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Title: Phase II study of BGJ398 in patients with FGFR-Altered advanced cholangiocarcinoma
Authors: Milind Javle
Maeve Lowery
Rachna T. Shroff
Karl Heinz Weiss
Christoph Springfeld
Mitesh J. Borad
Ramesh K. Ramanathan
Lipika Goyal
Saeed Sadeghi
Teresa Macarulla
Anthony El-Khoueiry
Robin Kate Kelley
Ivan Borbath
Su Pin Choo
Do Youn Oh
Philip A. Philip
Li Tzong Chen
Thanyanan Reungwetwattana
Eric Van Cutsem
Kun Huei Yeh
Kristen Ciombor
Richard S. Finn
Anuradha Patel
Suman Sen
Dale Porter
Randi Isaacs
Andrew X. Zhu
Ghassan K. Abou-Alfa
Tanios Bekaii-Saab
National Cheng Kung University Hospital
Barbara Ann Karmanos Cancer Institute
National Cancer Centre, Singapore
KU Leuven– University Hospital Leuven
UCSF Helen Diller Family Comprehensive Cancer Center
Mayo Clinic Scottsdale-Phoenix, Arizona
National Taiwan University College of Medicine
Faculty of Medicine, Ramathibodi Hospital, Mahidol University
Keck School of Medicine of USC
University of Texas MD Anderson Cancer Center
Seoul National University
Cliniques Universitaires Saint-Luc, Brussels
Hospital Universitari Vall d'Hebron
Memorial Sloan-Kettering Cancer Center
David Geffen School of Medicine at UCLA
Ohio State University
Universitätsklinikum Heidelberg
Massachusetts General Hospital Cancer Center
Novartis Pharmaceuticals Corporation
Keywords: Biochemistry, Genetics and Molecular Biology;Medicine
Issue Date: 20-Jan-2018
Citation: Journal of Clinical Oncology. Vol.36, No.3 (2018), 276-282
Abstract: © 2017 by American Society of Clinical Oncology. Purpose No standard treatment exists for patients with cholangiocarcinoma for whom first-line gemcitabine-based therapy fails. Fibroblast growth factor receptor 2 (FGFR2) fusions/translocations are present in 13% to 17% of intrahepatic cholangiocarcinomas. BGJ398, an orally bioavailable, selective pan-FGFR kinase inhibitor, has shown preliminary clinical activity against tumors with FGFR alterations. Methods A multicenter, open-label, phase II study ( identifier: NCT02150967) evaluated BGJ398 antitumor activity in patients age $ 18 years with advanced or metastatic cholangiocarcinoma containing FGFR2 fusions or other FGFR alterations whose disease had progressed while receiving prior therapy. Patients received BGJ398 125 mg once daily for 21 days, then 7 days off (28-day cycles). The primary end point was investigator-assessed overall response rate. Results Sixty-one patients (35 women; median age, 57 years) with FGFR2 fusion (n = 48), mutation (n = 8), or amplification (n = 3) participated. At the prespecified data cutoff (June 30, 2016), 50 patients had discontinued treatment. All responsive tumors contained FGFR2 fusions. The overall response rate was 14.8% (18.8% FGFR2 fusions only), disease control rate was 75.4% (83.3% FGFR2 fusions only), and estimated median progression-free survival was 5.8 months (95% CI, 4.3 to 7.6 months). Adverse events included hyperphosphatemia (72.1% all grade), fatigue (36.1%), stomatitis (29.5%), and alopecia (26.2%). Grade 3 or 4 treatment-related adverse events occurred in 25 patients (41%) and included hyperphosphatemia (16.4%), stomatitis (6.6%), and palmar-plantar erythrodysesthesia (4.9%). Conclusion BGJ398 is a first-in-class FGFR kinase inhibitor with manageable toxicities that shows meaningful clinical activity against chemotherapy-refractory cholangiocarcinoma containing FGFR2 fusions. This promising antitumor activity supports continued development of BGJ398 in this highly selected patient population.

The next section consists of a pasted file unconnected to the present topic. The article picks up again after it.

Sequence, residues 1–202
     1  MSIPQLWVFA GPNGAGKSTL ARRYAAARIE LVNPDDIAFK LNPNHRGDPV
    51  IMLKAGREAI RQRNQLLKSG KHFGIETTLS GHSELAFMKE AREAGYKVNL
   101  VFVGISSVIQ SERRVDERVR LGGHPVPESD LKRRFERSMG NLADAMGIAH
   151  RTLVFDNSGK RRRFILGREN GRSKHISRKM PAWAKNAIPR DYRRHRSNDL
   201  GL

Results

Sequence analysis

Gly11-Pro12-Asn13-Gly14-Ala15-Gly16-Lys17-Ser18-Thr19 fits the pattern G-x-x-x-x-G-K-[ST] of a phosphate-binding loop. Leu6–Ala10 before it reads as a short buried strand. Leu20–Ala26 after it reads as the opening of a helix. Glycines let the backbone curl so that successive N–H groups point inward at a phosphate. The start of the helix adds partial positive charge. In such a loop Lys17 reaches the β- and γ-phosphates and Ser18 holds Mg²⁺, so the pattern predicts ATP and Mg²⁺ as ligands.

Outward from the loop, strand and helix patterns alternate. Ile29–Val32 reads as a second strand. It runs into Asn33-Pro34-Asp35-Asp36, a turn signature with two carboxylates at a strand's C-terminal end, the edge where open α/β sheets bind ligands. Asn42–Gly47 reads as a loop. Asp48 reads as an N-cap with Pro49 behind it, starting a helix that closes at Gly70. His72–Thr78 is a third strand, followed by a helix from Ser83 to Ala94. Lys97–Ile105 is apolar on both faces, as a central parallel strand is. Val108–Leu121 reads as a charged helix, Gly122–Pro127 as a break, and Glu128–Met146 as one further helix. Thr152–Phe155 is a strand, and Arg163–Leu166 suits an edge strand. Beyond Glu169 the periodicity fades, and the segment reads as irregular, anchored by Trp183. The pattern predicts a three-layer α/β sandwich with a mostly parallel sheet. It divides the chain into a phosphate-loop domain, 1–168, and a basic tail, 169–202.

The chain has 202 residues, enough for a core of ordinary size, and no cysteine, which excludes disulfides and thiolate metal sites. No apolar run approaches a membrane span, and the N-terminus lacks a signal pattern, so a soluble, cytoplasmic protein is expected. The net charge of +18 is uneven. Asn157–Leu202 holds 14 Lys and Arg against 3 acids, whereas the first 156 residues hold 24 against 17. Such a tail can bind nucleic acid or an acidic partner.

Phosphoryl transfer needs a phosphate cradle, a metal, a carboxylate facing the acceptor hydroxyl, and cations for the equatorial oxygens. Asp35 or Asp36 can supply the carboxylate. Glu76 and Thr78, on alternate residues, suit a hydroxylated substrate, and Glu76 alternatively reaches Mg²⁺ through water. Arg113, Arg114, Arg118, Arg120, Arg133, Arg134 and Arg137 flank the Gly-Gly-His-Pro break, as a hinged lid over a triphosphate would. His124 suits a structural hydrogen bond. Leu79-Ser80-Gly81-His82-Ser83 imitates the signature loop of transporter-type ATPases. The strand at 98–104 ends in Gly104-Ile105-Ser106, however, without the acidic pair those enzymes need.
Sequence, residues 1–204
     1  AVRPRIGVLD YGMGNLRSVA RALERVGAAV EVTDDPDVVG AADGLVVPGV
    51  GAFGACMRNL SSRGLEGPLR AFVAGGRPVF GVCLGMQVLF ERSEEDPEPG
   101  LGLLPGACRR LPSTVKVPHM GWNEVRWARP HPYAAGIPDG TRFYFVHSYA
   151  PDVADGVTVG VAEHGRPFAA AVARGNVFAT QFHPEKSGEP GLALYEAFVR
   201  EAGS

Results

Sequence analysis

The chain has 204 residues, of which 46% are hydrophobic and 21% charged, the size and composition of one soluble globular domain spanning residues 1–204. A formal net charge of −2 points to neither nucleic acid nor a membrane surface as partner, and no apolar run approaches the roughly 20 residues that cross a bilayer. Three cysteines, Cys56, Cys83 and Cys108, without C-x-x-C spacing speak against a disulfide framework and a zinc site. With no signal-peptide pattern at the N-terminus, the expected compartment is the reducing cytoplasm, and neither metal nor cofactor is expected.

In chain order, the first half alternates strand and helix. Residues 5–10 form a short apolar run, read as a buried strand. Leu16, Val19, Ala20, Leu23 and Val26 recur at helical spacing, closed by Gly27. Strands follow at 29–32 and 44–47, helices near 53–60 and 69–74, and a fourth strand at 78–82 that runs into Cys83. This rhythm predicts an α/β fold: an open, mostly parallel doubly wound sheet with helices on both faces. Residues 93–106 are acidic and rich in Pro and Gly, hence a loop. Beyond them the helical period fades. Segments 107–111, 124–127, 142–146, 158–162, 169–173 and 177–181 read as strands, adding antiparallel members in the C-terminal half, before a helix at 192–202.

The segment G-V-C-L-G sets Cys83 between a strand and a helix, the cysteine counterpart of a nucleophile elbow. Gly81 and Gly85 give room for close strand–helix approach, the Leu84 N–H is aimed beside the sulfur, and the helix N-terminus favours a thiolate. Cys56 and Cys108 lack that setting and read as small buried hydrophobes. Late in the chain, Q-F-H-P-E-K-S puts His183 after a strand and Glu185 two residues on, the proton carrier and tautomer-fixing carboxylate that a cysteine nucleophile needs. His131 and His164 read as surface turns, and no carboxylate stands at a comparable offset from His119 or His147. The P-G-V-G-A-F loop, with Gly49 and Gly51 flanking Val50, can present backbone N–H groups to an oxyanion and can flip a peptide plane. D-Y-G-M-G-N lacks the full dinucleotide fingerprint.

ISSN: 15277755
Appears in Collections:Scopus 2018

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